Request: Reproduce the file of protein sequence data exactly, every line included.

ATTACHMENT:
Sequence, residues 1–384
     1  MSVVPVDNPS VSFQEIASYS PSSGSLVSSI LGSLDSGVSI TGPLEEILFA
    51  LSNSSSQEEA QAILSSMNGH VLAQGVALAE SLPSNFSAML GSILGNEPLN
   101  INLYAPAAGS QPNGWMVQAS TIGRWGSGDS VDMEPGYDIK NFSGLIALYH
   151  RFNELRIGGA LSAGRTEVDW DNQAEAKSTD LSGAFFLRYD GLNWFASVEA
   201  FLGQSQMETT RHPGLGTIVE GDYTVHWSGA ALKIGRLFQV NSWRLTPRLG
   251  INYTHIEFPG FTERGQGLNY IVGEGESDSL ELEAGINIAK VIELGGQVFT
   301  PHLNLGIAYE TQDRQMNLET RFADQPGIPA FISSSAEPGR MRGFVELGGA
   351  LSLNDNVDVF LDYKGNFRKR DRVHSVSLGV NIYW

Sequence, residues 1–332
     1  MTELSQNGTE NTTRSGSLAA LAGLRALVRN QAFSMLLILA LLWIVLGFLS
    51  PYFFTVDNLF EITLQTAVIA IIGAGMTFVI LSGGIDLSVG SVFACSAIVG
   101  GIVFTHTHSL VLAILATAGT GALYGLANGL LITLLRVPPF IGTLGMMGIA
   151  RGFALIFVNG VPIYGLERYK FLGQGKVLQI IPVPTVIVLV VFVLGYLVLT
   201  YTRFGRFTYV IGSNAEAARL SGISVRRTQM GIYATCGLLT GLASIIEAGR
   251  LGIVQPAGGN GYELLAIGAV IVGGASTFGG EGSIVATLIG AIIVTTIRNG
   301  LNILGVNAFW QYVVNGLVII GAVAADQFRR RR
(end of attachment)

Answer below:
Sequence, residues 1–384
     1  MSVVPVDNPS VSFQEIASYS PSSGSLVSSI LGSLDSGVSI TGPLEEILFA
    51  LSNSSSQEEA QAILSSMNGH VLAQGVALAE SLPSNFSAML GSILGNEPLN
   101  INLYAPAAGS QPNGWMVQAS TIGRWGSGDS VDMEPGYDIK NFSGLIALYH
   151  RFNELRIGGA LSAGRTEVDW DNQAEAKSTD LSGAFFLRYD GLNWFASVEA
   201  FLGQSQMETT RHPGLGTIVE GDYTVHWSGA ALKIGRLFQV NSWRLTPRLG
   251  INYTHIEFPG FTERGQGLNY IVGEGESDSL ELEAGINIAK VIELGGQVFT
   301  PHLNLGIAYE TQDRQMNLET RFADQPGIPA FISSSAEPGR MRGFVELGGA
   351  LSLNDNVDVF LDYKGNFRKR DRVHSVSLGV NIYW

Sequence, residues 1–332
     1  MTELSQNGTE NTTRSGSLAA LAGLRALVRN QAFSMLLILA LLWIVLGFLS
    51  PYFFTVDNLF EITLQTAVIA IIGAGMTFVI LSGGIDLSVG SVFACSAIVG
   101  GIVFTHTHSL VLAILATAGT GALYGLANGL LITLLRVPPF IGTLGMMGIA
   151  RGFALIFVNG VPIYGLERYK FLGQGKVLQI IPVPTVIVLV VFVLGYLVLT
   201  YTRFGRFTYV IGSNAEAARL SGISVRRTQM GIYATCGLLT GLASIIEAGR
   251  LGIVQPAGGN GYELLAIGAV IVGGASTFGG EGSIVATLIG AIIVTTIRNG
   301  LNILGVNAFW QYVVNGLVII GAVAADQFRR RR